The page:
A quick Google search highlights the fact that we are definitely not alone - it also offers many different suggestions for solutions; from the "kick em out, you don't owe them anything" to "you must be patient, learn their names and keep trying".  I guess whatever we decide it will likely be a bit of both, but we are all getting together to brainstorm the problem and see what we can come up with - so we aren't throwing in the towel just yet.

So, this is the beginning of our youth engagement journey - I would SO LOVE to hear from anyone who is in the middle, or nearing the end of theirs!


Popular posts from this blog

Using librarian skills to uncover a network of dodgy shopping sites!

In all my posts over the years I'm not sure if I ever mentioned I am an avid steampunker.  Like many of my quirky fellow librarians, I love a good dress up and recently found myself searching for a great pair of boots to go with the Steampunk Aviator Superhero costume I'm assembling (trust me, it will work!).

One evening whilst idly thumbing through Pinterest I found a picture of these undeniably AWESOME combat-boot style boots.  I followed the link to the website ( and although it didn't look dodgy and offered PayPal, I am a cautious online shopper and always check the customer reviews first.  They were 1000% abysmal.  Like the kind of reviews that say SCAM, THEFT and CAN I LEAVE 0 STARS.  So despite loving the shoes, I was definitely not parting with my money on this occasion.

Fast forward a couple of months and I see an ad for Victorian-style cosplay boots in my Insta feed.  Did I mention that I am an avid steampunker?  Because seriously, these shoes…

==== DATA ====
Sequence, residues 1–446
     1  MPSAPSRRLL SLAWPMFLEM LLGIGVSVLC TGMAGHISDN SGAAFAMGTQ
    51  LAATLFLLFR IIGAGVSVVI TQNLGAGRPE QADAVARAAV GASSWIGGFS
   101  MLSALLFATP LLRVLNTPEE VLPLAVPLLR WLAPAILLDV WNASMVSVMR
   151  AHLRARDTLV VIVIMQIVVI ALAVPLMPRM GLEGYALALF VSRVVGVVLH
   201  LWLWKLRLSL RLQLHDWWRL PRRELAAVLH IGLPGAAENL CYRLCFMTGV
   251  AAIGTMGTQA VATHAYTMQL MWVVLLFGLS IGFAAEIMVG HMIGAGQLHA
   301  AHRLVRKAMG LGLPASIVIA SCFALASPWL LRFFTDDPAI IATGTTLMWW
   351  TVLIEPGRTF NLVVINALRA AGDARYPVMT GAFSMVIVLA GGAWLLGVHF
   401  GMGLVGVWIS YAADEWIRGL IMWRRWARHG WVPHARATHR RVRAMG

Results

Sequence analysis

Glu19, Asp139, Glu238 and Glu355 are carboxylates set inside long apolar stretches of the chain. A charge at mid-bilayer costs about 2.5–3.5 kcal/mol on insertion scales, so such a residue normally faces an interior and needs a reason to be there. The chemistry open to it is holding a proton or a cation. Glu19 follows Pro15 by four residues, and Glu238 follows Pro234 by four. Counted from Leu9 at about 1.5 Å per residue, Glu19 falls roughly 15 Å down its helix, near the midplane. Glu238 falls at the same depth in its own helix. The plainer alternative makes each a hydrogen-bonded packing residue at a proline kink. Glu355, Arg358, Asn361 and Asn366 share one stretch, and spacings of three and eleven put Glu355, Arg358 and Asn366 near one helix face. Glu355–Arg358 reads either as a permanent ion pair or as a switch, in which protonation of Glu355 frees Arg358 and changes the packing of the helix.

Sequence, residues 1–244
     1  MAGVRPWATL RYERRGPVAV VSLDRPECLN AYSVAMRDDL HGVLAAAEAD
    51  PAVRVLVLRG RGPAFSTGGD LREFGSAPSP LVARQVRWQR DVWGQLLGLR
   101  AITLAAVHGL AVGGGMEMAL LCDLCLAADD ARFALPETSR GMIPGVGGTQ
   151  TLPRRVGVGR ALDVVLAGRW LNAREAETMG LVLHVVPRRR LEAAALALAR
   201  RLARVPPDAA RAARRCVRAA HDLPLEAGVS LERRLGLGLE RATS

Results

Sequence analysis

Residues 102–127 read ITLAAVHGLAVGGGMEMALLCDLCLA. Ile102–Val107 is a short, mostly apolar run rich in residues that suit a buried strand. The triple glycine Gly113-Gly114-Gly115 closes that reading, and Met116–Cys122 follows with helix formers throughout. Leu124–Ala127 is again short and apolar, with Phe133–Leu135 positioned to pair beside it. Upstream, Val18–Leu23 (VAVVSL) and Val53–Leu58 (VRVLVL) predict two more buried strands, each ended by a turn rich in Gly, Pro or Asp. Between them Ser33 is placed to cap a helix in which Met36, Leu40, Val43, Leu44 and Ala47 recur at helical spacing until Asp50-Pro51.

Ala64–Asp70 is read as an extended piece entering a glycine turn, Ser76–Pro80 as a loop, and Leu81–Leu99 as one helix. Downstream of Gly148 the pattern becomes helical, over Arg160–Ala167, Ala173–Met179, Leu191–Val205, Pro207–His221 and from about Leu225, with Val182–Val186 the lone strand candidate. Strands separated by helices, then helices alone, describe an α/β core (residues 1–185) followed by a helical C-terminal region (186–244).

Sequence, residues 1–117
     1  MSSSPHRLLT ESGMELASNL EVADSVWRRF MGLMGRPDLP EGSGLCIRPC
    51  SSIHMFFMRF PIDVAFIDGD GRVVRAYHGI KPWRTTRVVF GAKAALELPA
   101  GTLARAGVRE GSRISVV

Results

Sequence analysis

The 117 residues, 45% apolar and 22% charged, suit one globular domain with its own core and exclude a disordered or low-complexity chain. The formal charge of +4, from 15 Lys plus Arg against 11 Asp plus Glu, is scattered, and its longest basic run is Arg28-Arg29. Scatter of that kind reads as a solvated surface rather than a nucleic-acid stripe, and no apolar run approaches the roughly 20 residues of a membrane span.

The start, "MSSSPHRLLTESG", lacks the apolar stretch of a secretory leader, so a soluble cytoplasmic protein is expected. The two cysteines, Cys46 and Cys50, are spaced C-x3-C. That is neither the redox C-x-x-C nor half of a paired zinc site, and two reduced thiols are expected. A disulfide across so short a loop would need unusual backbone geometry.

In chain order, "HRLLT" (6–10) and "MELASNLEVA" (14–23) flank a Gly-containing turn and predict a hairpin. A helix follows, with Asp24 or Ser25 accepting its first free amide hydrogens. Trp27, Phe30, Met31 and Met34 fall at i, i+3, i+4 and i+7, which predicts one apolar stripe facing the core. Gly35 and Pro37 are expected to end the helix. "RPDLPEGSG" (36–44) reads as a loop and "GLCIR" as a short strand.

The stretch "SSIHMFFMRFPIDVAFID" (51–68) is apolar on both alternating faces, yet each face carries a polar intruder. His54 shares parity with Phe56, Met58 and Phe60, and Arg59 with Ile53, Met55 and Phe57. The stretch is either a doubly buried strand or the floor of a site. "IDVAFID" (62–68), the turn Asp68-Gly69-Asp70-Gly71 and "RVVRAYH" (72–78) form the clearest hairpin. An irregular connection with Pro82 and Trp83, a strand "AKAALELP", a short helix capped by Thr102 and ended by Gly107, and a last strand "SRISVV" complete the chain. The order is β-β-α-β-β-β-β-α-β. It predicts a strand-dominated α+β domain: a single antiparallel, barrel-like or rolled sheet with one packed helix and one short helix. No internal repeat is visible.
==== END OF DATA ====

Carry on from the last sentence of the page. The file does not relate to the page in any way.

It only takes a second (ment)

What the hell is a secondment?
Some people I have chatted to have no idea what I'm talking about (and I also discovered that some spell-check utilities don't even recognise the word) so I thought I would clear the confusion by ripping a definition straight from Merriam-Webster:
Definition of secondmentplural-s

: the detachment of a person (such as a military officer) from his or her regular organization for temporary assignment elsewhere.

So if you just substitute "library services officer" for "military officer" you have an explanation of my situation!

Being a qualified Librarian can take you in so many different directions. One of the reasons I chose the tag "Ambidextrous Librarian" was because I honestly had no idea which direction my career would go. I have worked in school libraries and the kids and teachers are absolutely fantastic, but the pay, conditions and options for career development aren't all that varied. I tri…

A Somewhat Risky Business

Working in a public library means I am surrounded all day by books (duh).  Books are such pretty things - there is a reason why publishers spend big bucks on cover design, and that's because we pretty much ignore the old "don't judge a book by its cover" and happily judegy-judge away.  We can't help it, bright and shiny things attract us!

So as I was standing at the circ desk the other day having a bit of a rest between patrons, I found my eyes drawn yet again to a book that was on display.  I had been gazing at it on and off all day, and I couldn't really make out the title but it was the dress that caught me, and the shiny peach converse trainers, and the pose, and the luxurious hair.  I decided that the universe was telling me I had to borrow it, even if I had absolutely no idea what it was about.  I took it home without even reading the blurb.

The book was titled "This is just my face; try not to stare" by Gabourey Sidibe, the actress who starr…